On 5/6/12 11:58 AM, Wayne Willenberg wrote:
> I really need some input on the design of my first tower.
> As I have previously mentioned on this Reflector, I want to put up a 100 ft
> guyed tower on my 5 acre lot that will support 20 sq ft of antenna,
> rotator, etc. To get a building permit, the tower has to be designed to
> meet the requirements of TIA/EIA-222 for a maximum wind gust of 130MPH.
> I have now located a PE who is licensed in my home state and has
> substantial experience in the design of ham towers. I have also located a
> professional installer who will supervise and participate in the entire
> installation (in other words, I will not be doing any of the work).
> Here is the dilemma the designer has presented to me. (The following are
> not real examples, but are just used to illustrate the point.) I could use
> Rohn 25 with 18 total guys or I could use Rohn 65 with 9 guys. In the
> first case, the tower sections would cost less than in the second case, but
> there would be more labor in installing 19 guys (and the guys would cost
> more) than 9 guys. Also, the amount of concrete in the base and the guy
> anchors would be different.
> There must be a way to determine the most cost-effective selection of type
> of tower and number of guys.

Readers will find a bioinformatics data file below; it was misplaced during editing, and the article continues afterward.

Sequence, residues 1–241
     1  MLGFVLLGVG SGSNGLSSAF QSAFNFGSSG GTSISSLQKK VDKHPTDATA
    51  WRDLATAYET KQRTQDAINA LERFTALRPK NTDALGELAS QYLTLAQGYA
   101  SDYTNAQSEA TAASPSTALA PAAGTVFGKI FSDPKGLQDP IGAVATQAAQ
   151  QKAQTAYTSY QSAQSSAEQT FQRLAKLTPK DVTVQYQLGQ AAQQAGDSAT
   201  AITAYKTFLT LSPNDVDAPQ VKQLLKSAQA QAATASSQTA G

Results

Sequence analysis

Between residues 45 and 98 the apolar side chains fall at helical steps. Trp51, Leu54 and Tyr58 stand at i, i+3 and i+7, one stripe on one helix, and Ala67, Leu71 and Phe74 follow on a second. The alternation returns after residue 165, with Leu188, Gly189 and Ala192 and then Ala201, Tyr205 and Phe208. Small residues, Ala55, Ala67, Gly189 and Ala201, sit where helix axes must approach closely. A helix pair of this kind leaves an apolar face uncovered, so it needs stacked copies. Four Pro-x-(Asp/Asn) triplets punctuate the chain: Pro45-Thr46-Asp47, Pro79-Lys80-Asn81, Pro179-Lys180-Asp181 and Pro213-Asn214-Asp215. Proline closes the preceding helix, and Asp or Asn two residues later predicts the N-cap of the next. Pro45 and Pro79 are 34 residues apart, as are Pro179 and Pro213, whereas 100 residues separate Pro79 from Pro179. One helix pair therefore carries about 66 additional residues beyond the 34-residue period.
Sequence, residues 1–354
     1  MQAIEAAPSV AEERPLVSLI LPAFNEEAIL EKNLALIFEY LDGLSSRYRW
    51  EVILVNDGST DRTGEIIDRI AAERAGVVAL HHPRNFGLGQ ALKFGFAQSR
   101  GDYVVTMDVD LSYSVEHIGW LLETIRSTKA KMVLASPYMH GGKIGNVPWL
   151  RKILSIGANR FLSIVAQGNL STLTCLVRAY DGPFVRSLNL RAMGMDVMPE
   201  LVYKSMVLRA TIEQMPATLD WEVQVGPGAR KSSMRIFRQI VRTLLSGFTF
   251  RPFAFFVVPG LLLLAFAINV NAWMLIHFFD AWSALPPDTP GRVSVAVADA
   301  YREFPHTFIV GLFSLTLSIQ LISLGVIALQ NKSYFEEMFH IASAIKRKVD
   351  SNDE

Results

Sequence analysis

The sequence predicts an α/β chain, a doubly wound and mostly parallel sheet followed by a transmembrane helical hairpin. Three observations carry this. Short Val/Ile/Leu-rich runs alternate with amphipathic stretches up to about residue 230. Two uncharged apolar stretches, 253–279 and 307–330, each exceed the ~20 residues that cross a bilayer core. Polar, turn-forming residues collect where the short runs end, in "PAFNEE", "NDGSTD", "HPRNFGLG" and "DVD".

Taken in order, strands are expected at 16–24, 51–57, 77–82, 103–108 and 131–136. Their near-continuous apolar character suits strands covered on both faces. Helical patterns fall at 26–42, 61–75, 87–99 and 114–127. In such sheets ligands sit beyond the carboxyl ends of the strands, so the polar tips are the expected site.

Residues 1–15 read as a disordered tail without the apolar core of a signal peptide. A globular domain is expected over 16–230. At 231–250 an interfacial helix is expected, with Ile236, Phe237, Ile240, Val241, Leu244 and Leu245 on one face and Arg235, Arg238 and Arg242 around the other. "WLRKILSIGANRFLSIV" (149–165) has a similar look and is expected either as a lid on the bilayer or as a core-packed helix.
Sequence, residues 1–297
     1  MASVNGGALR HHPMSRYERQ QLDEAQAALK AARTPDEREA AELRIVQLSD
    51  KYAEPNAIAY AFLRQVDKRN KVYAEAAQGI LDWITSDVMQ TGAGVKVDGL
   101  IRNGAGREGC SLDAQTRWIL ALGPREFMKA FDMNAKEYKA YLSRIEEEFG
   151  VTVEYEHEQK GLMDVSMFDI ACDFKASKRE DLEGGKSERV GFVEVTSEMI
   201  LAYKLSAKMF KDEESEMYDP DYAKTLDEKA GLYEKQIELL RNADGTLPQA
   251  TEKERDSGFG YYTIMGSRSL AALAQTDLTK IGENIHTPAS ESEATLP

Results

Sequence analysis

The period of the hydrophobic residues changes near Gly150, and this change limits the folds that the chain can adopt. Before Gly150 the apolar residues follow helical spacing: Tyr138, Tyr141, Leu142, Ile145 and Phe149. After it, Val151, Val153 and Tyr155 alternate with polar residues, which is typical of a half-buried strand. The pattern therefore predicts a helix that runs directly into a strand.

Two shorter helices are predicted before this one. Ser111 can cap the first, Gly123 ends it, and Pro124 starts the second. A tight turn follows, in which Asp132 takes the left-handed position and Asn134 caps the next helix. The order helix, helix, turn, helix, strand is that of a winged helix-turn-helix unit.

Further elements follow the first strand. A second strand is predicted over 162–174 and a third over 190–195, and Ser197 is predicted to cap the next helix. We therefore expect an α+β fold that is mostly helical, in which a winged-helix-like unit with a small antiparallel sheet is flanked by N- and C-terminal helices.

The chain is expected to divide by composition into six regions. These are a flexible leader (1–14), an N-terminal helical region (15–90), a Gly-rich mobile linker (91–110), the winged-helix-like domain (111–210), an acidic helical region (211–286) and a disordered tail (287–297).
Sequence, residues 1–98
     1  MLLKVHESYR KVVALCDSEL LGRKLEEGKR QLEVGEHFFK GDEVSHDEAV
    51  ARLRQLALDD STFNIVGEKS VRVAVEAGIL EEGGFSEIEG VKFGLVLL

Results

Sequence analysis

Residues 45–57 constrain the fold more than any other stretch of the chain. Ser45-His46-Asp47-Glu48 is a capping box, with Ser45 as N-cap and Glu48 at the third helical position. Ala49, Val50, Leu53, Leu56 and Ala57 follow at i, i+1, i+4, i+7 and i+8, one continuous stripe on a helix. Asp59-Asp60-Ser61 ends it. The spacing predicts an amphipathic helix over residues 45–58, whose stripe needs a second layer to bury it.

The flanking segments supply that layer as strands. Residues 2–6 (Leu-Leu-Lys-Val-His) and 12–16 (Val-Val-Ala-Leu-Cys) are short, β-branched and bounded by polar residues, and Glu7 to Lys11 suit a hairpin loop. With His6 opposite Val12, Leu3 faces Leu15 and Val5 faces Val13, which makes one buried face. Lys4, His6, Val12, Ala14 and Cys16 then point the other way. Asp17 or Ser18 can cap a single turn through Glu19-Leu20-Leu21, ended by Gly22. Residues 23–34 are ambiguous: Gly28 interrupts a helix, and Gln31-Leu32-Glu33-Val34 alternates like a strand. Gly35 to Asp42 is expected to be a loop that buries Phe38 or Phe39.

short of actually calculating it out, not really..
However, fewer parts is better. 9 guys & 65 is a whole lot simpler.
(and easier to stand on for climbing, and easier to fit things like
rotators in). If you're going up high enough to need 3 guy levels on
65, you're not just turning that TV antenna.
If you're dragging something up the tower, half the number of guys will
be good. Your installer will like you more.
For a guyed tower, the amount of concrete in the base won't be hugely
different. It's mostly there to keep the base from sinking or skidding
sideways (as opposed to a free-standing tower, where it's to keep the
tower from falling over)
If you use the big screw in auger anchors (where the truck with the
hydraulics comes out to drive them), you don't need concrete in the
anchors, and the cost will be about the same..
(the wind load isn't going to be hugely different, whether it is spread
over 6 guys or 3)
I would venture to say that nobody ever says "gosh, I wish I installed a
lighter weight tower with more guys"
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